Nursing vs. social work: the biggest differences
You want to help people—and the fields of nursing and social work are two excellent career paths with select combined skills where you can do just that. If you are weighing leaving the field of nursing to switch to social work (or vice-versa), or considering a career change to either field, there are a few things you should know before choosing your path.
These are the primary differences between a career as a social worker and registered nurse:
Please keep in mind job tasks can vary widely by position and employer, so there are potential exceptions to generalizations made below.
1. Clinical tasks - do you love healthcare?
The primary difference between nursing and social work is the practical nature of the work. While social workers can certainly play a role in healthcare by working in hospitals or other outpatient environments (and even work closely with RNs), their role extends well beyond strictly clinical health.
While nursing continues to evolve into a more holistic discipline, a traditional RN remains focused on clinical care, addressing a patient’s immediate healthcare needs in terms of treatment and medication.
Social workers can have clients who have little to no clinical health issues, and focus much more on mental health, helping patients adjust to lifestyle changes, assessing support networks, facilitating community resources, and much more. Social Workers can work in several clinical settings including hospitals, outpatient clinics, rehabilitation centers, long-term care facilities, but can also work in non-clinical settings such as schools, community centers, government agencies and even in private practice.
If you have a passion for clinical care but do not want to be a nurse, you may be best suited for medical or mental health social work.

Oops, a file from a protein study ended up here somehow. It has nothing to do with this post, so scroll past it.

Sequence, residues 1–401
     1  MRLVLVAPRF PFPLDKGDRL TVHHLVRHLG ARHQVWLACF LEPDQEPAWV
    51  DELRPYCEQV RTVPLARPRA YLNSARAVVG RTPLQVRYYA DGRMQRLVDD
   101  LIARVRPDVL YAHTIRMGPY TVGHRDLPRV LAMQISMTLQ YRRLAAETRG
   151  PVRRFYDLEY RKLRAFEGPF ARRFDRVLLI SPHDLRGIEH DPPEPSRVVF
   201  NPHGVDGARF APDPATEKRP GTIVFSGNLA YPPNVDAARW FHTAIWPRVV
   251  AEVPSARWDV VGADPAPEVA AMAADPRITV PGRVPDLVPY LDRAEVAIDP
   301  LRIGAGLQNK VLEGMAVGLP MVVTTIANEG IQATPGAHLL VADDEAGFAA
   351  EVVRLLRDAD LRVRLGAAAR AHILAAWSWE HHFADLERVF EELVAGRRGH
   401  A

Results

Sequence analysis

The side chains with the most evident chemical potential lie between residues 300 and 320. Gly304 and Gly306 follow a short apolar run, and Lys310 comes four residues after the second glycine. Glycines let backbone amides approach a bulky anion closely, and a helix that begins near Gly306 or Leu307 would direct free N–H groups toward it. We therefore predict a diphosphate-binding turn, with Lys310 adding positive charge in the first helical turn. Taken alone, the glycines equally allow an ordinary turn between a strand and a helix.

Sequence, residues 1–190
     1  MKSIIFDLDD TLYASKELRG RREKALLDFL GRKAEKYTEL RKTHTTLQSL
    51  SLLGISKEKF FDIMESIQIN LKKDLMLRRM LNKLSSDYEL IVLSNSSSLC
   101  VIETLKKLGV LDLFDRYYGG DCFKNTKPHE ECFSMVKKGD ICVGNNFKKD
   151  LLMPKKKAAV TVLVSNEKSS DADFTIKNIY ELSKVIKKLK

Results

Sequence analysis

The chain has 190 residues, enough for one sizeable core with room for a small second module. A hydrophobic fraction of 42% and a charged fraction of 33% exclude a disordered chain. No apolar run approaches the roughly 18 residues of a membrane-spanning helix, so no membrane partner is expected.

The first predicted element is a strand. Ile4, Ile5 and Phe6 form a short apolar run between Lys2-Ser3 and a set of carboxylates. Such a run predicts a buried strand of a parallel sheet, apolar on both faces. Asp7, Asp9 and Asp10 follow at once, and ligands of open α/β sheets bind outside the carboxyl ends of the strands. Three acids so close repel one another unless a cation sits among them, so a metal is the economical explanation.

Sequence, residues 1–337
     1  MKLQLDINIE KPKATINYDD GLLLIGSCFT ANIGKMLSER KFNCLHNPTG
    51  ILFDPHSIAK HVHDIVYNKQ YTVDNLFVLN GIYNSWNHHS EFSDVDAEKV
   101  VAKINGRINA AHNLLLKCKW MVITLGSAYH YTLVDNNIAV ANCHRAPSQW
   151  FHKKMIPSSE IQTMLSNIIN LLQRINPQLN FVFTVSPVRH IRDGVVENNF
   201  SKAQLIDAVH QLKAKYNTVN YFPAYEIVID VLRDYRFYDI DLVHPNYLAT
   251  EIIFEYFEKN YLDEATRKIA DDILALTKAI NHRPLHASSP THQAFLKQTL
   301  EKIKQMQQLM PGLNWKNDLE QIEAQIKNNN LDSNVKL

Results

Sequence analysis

If you are looking for a change from bedside nursing and want to utilize skills you’ve developed as a nurse in a career path with a broader scope, becoming a social worker can be a great option.
2. Daily routine and structure
RNs and social workers have very different day-to-day experiences.
RNs tend to have more clearly defined daily tasks. You typically have a certain number of patients with specific, quantifiable needs—and a healthcare team around you to provide support. While RNs certainly must be able to adapt quickly to change and stay calm under stress, there is more structure and routine in their day-to-day.
Social workers, on the other hand, can have a harder time sticking to a daily routine. They less commonly work in a team structure with stronger support structures and must define their own daily tasks. Some days you will be in the office, others you will be on the road. Your daily schedule can be unpredictable based on your clients’ needs, which can be very diverse.
That being said, medical social workers can have clearly defined tasks day-to-day. Medical social workers provide an array of services for patients in their care. Depending on the patient needs and the type of medical setting they work in, medical social workers may provide crisis counseling, biopsychosocial assessments, resource planning, family therapy and other supportive services that enhance quality health outcomes.
If you are routine-oriented and work best in a role where daily tasks are clearly defined, you may prefer nursing. If you thrive in a job that keeps you on your toes with something new to look forward to every day, you may prefer social work.
3. Number of patients
This one ties in with #2. Generally speaking, the more patients or clients you have to deal with, the more variable and unpredictable your day-to-day can get.